When things end, in the two hour final episode, it seems that by now everyone in Smallville knows that Clark is Superman! Lex Luthor returns (See! Comic Book people don’t die) and shows Clark what evil he will inspire and create. This causes Clark to realize he needs flights and tights and a big “S” on his chest. Tess Mercer meets her end at the hands of Luthor, so she does not have to appear in any Superman continuity. And, of all people, Chloe opens and ends the show, having figured it all out.  Welling wears the Superman costume from Superman Returns.  Oh, and Lois and Clark try to tie the knot, but are interrupted. The story takes us seven years into the future and they still haven’t gotten married. Why show seven years in the future? Well, Luthor becomes 35 and eligible to run for president!

Most important: The final scene takes place in the future, and DC comics still cost $2.99.

2013: Man of Steel

The movies  ignore Superboy, while the TV shows often include him. There was no Superboy in this Smallville, Kansas.  We know this town is Smallville because of the signs on the buses, water towers and Sears store. In flashbacks that featured Pa Kent (Kevin Costner) and Ma Kent (Diane Lane) we see the growth of the alien boy into the man of steel. There a few changes here too. Ma Kent does not make his costume; it is given to him by Jor-El. And, in a major flaw of the movie, Pa Kent tells Clark that he might have to let people die rather than reveal his identity. This is not the Pa Kent I knew, or wanted to know, and a major shift in the character. Later, young Clark Kent watches as his father dies in a dust storm, something all other Superboys would have prevented, no matter what the cost.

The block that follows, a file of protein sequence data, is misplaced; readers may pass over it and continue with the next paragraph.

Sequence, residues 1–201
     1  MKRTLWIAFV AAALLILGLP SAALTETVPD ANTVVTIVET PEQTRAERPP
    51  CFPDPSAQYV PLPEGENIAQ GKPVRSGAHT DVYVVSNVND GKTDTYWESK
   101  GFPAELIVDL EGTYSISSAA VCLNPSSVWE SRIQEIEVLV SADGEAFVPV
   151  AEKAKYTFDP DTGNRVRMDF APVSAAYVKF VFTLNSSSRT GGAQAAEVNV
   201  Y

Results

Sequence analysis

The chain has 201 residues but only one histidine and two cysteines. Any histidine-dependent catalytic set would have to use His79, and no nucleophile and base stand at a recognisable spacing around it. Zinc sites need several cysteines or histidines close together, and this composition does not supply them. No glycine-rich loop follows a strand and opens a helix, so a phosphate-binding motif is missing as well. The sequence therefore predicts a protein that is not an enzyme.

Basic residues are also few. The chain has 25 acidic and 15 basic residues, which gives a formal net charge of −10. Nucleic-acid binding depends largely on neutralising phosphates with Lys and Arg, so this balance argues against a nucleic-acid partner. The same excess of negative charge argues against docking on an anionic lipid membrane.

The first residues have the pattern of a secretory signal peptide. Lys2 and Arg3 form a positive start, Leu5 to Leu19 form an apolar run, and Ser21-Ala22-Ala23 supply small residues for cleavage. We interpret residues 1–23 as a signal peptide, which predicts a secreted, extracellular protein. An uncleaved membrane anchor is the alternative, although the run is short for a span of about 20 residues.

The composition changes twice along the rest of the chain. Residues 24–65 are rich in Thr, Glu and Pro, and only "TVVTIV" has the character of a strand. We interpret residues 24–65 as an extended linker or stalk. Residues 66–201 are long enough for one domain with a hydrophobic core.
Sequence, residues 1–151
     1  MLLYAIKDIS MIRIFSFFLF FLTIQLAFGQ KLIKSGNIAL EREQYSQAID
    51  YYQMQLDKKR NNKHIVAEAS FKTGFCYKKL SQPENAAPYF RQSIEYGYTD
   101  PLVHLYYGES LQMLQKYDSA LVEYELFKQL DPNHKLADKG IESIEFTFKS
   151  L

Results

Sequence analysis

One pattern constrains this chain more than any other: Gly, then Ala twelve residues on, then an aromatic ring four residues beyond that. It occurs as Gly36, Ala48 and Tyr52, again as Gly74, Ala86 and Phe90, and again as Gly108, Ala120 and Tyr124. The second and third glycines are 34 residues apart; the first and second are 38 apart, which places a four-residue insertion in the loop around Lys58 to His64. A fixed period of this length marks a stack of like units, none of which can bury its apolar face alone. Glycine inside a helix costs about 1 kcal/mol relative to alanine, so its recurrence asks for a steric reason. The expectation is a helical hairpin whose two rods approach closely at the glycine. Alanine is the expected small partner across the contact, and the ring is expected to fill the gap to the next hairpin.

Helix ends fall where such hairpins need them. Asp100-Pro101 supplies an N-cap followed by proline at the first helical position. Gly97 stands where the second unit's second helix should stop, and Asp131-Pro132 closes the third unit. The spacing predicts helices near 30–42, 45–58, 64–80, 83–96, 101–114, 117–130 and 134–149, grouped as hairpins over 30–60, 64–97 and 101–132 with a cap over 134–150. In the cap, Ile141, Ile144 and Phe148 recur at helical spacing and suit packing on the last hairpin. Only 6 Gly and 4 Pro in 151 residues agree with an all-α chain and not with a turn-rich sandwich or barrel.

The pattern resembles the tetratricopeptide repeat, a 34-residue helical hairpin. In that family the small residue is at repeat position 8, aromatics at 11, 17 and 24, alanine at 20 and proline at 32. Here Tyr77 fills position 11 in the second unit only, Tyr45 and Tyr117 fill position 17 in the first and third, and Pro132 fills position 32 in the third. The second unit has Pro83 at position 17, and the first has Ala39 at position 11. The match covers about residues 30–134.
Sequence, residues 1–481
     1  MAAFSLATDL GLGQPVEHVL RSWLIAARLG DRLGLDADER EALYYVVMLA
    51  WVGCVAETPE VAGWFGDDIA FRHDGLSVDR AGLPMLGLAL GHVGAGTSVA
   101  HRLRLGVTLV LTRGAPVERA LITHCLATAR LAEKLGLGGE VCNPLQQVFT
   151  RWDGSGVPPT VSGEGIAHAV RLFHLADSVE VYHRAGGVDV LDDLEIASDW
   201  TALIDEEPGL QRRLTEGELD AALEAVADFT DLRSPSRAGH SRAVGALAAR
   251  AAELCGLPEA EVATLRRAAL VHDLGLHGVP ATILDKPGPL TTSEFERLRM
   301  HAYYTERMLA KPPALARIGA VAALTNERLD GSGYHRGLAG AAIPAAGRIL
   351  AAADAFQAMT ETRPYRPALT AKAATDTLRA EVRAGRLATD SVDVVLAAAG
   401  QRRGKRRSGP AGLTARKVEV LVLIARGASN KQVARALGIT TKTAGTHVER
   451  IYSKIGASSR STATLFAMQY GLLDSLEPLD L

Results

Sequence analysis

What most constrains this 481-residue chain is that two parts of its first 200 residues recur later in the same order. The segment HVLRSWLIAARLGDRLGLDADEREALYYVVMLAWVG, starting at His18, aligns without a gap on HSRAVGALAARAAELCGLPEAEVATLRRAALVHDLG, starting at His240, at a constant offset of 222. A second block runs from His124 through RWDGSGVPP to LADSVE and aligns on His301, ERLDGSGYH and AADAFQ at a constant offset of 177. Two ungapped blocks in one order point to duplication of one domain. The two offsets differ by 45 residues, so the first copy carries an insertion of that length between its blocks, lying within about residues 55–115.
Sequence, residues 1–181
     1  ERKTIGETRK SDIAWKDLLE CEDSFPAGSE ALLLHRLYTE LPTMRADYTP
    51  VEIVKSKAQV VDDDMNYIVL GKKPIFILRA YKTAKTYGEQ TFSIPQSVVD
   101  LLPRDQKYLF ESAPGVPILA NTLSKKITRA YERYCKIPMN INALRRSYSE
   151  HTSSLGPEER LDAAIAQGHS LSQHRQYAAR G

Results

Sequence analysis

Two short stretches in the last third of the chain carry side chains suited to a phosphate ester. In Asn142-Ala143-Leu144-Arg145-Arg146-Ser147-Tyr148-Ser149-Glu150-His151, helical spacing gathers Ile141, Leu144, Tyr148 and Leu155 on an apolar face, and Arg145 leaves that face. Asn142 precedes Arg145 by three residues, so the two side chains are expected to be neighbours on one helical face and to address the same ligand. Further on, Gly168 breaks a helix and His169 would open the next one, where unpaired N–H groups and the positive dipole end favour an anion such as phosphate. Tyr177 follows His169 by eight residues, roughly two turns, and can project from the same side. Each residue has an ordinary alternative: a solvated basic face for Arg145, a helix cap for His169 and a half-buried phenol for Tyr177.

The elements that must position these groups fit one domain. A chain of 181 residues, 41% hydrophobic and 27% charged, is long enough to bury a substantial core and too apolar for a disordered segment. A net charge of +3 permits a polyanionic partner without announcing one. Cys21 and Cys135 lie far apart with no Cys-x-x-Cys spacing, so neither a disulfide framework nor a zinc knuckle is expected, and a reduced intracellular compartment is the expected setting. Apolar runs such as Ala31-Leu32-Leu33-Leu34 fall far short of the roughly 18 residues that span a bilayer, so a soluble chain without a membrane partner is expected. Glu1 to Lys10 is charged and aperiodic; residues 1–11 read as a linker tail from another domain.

The newest Superboy, the newest Superman, does not have the humanity that once made him super.

A special thanks goes out to eagle eyed Ron Imes for spotting the Smallville Bus sign!


  1. Fascinating stuff, Barry. I've never watched Smallville, but your article was worth it for that picture of Supergirl (Laura Vandervoort) alone. Can you get me her 'phone number?

  2. Other than to use her picture there was no reason to discuss Supergirl in this blog.